October is also the beginning of Fall.  The base celebrated the coming of the new season with the annual "Fall Festival".  There was quite a bit to do for this, including a pumpkin carving contest.  Arion, being the mature young lady she is turning into, did not want any help from Michael nor I.  We were forced to supervise, but not assist, her pumpkin carving experience.  Needless to say it was fun, and Arion did not win.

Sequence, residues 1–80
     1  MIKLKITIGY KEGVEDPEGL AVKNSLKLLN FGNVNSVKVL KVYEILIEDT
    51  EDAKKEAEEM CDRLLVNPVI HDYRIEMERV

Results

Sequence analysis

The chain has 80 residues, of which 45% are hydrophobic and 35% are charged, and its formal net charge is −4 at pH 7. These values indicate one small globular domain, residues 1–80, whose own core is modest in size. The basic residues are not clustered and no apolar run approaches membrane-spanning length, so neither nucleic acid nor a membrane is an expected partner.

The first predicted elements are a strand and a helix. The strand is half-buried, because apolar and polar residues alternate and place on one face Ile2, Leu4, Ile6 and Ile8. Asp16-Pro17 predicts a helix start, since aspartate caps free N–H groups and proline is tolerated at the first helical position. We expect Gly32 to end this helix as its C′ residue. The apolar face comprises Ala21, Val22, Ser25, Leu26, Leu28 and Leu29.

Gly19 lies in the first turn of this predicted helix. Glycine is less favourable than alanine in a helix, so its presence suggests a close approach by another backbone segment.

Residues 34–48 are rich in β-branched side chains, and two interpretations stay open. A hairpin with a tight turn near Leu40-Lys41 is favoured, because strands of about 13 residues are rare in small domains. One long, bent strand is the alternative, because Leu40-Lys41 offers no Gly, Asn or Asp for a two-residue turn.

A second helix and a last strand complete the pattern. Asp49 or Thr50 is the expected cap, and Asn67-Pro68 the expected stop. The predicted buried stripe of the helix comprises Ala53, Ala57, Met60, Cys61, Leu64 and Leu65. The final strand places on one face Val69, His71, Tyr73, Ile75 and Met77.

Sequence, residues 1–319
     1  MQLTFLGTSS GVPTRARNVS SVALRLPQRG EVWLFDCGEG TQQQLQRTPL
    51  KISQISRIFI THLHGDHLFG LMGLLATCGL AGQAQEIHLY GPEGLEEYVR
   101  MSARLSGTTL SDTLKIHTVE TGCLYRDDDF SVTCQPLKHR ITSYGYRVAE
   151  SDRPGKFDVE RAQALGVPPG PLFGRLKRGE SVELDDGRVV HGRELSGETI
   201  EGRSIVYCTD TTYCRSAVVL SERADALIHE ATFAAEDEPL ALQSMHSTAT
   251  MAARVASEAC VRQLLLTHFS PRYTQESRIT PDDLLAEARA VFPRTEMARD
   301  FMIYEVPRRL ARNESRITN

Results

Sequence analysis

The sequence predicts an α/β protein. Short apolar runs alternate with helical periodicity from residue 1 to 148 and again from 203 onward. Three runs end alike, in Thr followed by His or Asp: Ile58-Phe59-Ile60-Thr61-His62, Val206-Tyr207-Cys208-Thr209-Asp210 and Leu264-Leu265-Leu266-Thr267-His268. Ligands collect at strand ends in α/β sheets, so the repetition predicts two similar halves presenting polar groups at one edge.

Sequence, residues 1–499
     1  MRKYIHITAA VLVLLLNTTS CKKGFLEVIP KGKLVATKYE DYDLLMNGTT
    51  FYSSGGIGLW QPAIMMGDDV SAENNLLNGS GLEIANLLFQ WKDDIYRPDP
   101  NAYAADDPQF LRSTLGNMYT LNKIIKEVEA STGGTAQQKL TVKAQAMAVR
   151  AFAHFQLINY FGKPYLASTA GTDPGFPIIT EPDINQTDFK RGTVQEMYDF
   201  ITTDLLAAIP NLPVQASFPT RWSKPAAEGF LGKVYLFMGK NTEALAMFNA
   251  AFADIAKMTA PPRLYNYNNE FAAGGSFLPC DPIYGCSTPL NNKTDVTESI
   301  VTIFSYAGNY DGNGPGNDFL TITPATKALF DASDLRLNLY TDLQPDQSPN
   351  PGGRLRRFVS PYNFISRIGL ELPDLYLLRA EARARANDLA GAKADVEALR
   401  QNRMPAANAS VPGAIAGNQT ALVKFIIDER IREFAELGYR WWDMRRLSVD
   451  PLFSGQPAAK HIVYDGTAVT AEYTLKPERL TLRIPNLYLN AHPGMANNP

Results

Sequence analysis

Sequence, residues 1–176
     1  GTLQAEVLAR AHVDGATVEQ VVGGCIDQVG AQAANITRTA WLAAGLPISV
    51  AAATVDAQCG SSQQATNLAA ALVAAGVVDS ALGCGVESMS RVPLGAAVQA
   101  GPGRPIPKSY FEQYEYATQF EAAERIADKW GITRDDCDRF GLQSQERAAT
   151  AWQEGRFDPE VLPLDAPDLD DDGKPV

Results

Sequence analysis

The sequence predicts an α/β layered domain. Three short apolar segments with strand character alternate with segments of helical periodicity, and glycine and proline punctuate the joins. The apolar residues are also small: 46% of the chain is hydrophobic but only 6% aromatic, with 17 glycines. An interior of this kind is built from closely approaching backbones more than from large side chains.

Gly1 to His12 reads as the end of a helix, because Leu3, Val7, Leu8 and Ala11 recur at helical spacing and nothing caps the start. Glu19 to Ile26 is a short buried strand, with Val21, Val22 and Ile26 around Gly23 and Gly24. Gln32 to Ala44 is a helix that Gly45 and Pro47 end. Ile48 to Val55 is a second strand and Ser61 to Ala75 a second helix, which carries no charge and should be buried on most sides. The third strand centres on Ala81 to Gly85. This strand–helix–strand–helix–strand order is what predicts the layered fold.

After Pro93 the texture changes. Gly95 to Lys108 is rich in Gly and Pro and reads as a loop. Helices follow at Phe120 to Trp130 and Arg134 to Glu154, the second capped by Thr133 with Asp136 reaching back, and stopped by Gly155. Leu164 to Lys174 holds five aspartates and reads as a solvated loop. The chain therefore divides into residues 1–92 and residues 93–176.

Michael is continuing to stay busy here at Incirlik.  Since he doesn't have any career tests (outside of that pesky NCO Academy that has him leaving his family for six weeks) he is working hard on his formal schooling and aspires to finish his BA degree before our station in Turkey is finished.  Then, it will be on to his Master's degree.  He, like me, can obviously see the disadvantage of the timing and being away from his family but at the same time is looking forward to finishing this crucial part of his career.  We have to keep reminding ourselves that he already has been assigned to NCO Academy once, which was during our wedding and honeymoon and the military was kind enough to post-pone.  As much as it spites me to say, I would take this over him missing our wedding.  Him being gone for six weeks will never be good timing, so why not just get this over with!